By Alexandre Nhampossa
Qatar Petroleum, the world’s largest producer of LNG, has entered into an agreement with an ExxonMobil affiliate to acquire a 10% participating interest in three offshore exploration blocks in the Angoche and Zambezi basins in Mozambique, the company announced on Saturday.
The agreement is subject to customary regulatory approvals by the Mozambican government. Following such approval, the deal, the first the company has announced since Qatar said it would leave OPEC in early December will leave Exxon as operator with a 50% stake in the block, state oil company ENH with 20% stake, Russian oil company Rosneft with 20% and Qatar Petroleum (QP) with 10% participating interest.
Commenting on this occasion, Saad Sherida Al-Kaabi, the Minister of State for Energy Affairs, and President & CEO of QP, said the county was pleased to sign this agreement, with their long-time partner ExxonMobil to participate in exploring these frontier offshore basins in Mozambique.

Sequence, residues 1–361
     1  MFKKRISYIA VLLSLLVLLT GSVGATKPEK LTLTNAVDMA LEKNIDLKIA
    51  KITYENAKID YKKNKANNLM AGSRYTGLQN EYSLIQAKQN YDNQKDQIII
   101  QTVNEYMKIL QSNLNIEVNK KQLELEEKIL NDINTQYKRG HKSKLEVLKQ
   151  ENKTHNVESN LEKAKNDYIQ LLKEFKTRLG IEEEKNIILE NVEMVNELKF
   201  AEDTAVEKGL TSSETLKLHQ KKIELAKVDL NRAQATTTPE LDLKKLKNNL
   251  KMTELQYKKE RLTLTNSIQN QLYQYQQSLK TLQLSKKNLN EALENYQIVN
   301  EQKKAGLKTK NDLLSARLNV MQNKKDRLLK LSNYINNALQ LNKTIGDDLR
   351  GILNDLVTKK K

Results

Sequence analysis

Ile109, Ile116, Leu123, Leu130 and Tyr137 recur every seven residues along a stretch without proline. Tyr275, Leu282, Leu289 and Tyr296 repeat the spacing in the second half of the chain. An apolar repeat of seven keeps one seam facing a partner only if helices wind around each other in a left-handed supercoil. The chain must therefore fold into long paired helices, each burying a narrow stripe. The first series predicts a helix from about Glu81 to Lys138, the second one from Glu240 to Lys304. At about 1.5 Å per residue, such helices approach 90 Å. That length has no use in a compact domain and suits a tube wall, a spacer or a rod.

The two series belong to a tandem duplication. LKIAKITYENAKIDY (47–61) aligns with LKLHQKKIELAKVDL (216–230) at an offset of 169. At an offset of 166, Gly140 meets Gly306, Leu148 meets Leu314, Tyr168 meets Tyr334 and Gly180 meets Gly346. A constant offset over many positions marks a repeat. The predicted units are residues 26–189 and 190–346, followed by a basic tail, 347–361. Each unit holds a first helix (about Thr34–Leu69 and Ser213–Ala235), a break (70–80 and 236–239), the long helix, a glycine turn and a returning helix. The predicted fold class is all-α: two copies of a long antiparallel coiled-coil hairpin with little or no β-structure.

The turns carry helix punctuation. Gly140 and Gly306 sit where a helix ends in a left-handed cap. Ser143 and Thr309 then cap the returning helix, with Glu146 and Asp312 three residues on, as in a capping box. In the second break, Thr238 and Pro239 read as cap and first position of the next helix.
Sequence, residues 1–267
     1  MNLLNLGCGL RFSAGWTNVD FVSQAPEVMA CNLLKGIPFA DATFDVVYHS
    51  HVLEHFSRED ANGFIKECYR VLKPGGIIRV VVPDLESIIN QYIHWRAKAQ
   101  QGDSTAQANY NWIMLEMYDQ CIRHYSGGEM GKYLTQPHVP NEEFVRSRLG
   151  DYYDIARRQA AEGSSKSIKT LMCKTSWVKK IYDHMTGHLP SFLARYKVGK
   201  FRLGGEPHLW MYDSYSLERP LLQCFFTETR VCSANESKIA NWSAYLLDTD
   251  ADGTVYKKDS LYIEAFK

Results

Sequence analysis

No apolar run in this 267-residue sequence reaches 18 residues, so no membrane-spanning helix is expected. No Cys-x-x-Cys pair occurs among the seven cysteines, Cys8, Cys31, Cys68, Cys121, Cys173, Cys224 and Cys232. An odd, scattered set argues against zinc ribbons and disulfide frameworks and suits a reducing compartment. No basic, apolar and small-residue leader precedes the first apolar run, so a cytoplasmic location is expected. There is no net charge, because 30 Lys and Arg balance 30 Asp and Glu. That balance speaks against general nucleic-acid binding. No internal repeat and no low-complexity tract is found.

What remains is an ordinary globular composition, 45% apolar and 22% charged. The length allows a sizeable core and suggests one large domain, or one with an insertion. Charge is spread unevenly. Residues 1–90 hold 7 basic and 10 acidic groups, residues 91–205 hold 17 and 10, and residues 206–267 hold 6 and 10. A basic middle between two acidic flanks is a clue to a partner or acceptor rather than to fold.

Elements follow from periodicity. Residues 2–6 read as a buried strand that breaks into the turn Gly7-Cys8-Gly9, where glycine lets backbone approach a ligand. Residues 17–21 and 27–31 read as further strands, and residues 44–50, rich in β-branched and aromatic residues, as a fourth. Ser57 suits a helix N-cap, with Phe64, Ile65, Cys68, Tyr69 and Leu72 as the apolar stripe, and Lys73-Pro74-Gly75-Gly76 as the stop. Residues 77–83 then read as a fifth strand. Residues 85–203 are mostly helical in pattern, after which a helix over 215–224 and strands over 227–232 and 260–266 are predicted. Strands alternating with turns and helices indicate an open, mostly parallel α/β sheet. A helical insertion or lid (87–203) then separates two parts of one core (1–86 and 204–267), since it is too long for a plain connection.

“This is a milestone for Qatar Petroleum as it marks its first foray into Mozambique’s promising offshore basins”, he said
“We hope that the exploration efforts, which will commence soon, will be successful, and we look forward collaborating with ExxonMobil, Rosneft and ENH on this opportunity” he added saying that this signature is very much in line with their growth strategy in QP with a new country entry prospective frontier basins with significant hydrocarbon resource potential.
The offshore blocks are A5-B which lies in the Angoche basin, and Z5-C and Z5-D, which lie in the Zambezi basin. Both basins are frontier and underexplored. The two Zambezi blocks have a total area of about 10,200 square km with water depths ranging from about 200 to 2,000 meters, while the Angoche basin block has an area of about 6,450 square km with water depths ranging from about 1,800 to 2,500 meters.
It is certainly good news for Mozambique that finds itself plunged into an economic crisis. Last year, the Mozambican state struck $ 350 million in the business of purchasing 25 percent of Eni’s shares in Area 4 of the Rovuma Basin in the province of Cabo Delgado by ExxonMobil.